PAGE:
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The Alabama Supreme Court recently affirmed summary judgment in favor of Pilgrim’s Pride Corporation and its third-party workers’ compensation administrator, Sedgwick Claims Management entered by the Circuit Court of Franklin County, Alabama in regard to a claim for the tort of outrage brought by Florence King. King initially asserted a workers’ compensation claim against Pilgrim’s Pride in October 2012, claiming that she suffered injuries to both shoulders and arms as a result of the repetitive nature of her job on Pilgrim’s Pride’s production line. Although Pilgrim’s Pride disputed the compensability of King’s alleged injuries, it nevertheless provided King with medical treatment, which included surgery on one of her shoulders and pain management. After King’s doctors determined she had reached maximum medical improvement, the claims adjuster at Sedgwick reached out to King and offered to settle her case as disputed. King initially accepted the settlement offer, but then changed her mind. When additional treatment prescribed by King’s treating physicians was not approved, King sued Pilgrim’s Pride for workers’ compensation benefits. She also sued Pilgrim’s Pride and Sedgwick asserting a claim of outrage, for what she claimed was intentional infliction of emotional distress due to a delay in approving medical treatment related to her alleged injuries. Pilgrim’s Pride denied the allegations of King’s Complaint, asserting that her alleged injuries were not compensable. The workers’ compensation case proceeded to trial in September 2020. The parties stipulated that the only issue in dispute at trial was whether King’s alleged injuries were compensable. King’s orthopedist testified that he did not have a firm conviction as to whether King’s job duties caused or contributed to her alleged injuries. However, the trial court found King’s alleged injuries compensable.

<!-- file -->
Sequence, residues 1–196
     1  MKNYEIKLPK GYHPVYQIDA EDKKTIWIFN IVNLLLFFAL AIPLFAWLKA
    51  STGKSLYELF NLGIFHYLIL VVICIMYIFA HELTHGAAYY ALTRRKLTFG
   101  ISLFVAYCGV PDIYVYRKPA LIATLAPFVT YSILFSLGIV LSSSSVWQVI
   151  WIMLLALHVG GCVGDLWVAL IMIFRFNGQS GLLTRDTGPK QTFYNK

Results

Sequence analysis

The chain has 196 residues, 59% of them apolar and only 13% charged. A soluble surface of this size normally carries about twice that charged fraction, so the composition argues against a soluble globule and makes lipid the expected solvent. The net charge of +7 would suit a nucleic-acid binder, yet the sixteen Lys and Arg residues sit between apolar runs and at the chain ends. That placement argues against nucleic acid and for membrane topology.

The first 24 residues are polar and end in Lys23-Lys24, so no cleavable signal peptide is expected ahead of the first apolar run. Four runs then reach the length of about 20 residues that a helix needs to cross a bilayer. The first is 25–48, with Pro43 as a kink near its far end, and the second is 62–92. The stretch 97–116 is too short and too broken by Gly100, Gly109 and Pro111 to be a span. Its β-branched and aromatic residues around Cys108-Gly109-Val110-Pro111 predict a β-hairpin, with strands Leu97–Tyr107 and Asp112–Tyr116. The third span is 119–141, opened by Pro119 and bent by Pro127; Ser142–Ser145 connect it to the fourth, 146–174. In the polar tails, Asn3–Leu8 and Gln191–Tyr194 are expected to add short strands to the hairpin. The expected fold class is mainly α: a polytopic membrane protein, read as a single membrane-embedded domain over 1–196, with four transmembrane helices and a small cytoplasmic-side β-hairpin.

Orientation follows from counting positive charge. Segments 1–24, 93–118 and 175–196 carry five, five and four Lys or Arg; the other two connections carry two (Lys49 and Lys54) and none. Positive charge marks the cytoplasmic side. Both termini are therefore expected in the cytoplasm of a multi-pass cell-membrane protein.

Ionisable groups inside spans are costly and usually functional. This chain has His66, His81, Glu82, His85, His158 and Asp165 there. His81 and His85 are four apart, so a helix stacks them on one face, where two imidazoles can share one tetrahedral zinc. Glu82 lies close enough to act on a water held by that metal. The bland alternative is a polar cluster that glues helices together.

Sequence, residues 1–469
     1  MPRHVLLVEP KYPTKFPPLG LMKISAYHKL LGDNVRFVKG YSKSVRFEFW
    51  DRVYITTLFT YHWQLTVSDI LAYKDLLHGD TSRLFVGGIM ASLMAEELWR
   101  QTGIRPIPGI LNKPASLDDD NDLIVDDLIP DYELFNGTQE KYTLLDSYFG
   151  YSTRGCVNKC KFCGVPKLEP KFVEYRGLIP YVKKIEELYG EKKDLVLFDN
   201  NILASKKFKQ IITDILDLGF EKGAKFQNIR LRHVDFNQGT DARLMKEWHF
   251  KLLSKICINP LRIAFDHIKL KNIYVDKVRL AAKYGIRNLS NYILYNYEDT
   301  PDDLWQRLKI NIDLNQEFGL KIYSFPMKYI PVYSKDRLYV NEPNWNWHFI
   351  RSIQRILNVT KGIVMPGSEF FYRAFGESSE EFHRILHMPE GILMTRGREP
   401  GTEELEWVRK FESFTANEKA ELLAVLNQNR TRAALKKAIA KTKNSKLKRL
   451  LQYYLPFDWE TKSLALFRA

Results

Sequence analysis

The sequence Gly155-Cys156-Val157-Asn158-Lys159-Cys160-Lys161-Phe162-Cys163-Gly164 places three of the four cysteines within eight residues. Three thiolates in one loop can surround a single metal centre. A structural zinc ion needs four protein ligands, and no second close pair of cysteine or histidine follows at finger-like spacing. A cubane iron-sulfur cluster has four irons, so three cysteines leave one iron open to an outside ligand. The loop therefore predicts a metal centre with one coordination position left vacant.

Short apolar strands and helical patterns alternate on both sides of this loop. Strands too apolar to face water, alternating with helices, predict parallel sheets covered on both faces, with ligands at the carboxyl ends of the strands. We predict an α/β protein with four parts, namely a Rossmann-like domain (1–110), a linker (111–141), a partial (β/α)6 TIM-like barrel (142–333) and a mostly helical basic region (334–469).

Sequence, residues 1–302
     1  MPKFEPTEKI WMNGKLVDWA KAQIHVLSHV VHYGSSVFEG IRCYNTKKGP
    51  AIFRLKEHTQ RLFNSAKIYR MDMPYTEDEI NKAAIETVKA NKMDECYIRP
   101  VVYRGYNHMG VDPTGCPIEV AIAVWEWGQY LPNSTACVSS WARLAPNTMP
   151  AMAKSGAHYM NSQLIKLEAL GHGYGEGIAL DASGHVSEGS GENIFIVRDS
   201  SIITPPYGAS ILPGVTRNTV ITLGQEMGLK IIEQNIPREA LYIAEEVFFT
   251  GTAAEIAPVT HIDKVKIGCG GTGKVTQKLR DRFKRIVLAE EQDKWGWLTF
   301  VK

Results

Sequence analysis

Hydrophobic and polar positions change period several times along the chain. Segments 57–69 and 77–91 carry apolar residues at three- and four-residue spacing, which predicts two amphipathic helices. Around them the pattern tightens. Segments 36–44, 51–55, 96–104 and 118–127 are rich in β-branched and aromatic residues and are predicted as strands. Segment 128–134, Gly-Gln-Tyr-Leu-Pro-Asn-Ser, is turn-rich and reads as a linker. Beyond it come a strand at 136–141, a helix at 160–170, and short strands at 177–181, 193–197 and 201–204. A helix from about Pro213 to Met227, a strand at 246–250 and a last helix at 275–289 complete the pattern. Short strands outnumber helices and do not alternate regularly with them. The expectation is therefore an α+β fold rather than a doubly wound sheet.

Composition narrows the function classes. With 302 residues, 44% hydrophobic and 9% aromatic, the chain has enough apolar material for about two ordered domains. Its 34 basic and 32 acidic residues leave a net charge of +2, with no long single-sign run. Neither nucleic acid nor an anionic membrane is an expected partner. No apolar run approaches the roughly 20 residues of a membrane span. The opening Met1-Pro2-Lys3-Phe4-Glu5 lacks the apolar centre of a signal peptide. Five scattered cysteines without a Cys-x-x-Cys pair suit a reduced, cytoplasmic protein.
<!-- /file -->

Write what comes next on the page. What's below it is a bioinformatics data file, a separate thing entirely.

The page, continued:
Thereafter, both Pilgrim’s Pride and Sedgwick filed motions for summary judgment as to King’s outrage claim. The defendants asserted that since the compensability of King’s alleged injuries was disputed, they had no duty to provide King with medical treatment until the trial court found those alleged injuries compensable. The trial court agreed, and entered summary judgment in their favor. King then appealed to the Supreme Court, and the Court affirmed the trial court’s decision without writing a formal opinion.
My Two Cents
Outrage is an extremely limited cause of action. In order to prevail on a claim for the tort of outrage, a plaintiff must prove by clear and convincing evidence that the defendant intended to inflict emotional distress and that the defendant’s outrageous and extreme conduct caused emotional distress so severe that no reasonable person could be expected to endure it. Alabama law has long held that a defendant cannot be liable for the tort of outrage by merely insisting on its legal rights – even if the defendant knows that doing so is likely to cause severe emotional distress. Alabama law has also long held that it would be a violation of an employer’s right to due process of the law to require it to provide workers’ compensation benefits when there is a bona fide dispute as to the employer’s liability for the injury. Therefore, the Supreme Court’s decision affirms the fact that an employer (or its insurer) cannot be found guilty of outrageous conduct for denying workers’ compensation benefits when there has been no admission or legal adjudication that the underlying injury is compensable.
About the Author
This blog submission was prepared by Charley Drummond, an attorney with Fish Nelson & Holden, LLC, a law firm dedicated to representing self-insured employers, insurance carriers, and third party administrators in all matters related to workers’ compensation. Fish Nelson & Holden is a member of the National Workers’ Compensation Defense Network. If you have any questions about this submission or Alabama workers’ compensation in general, please contact Mr. Drummond by e-mailing him at email@example.com or by calling him directly at (205) 332-3414.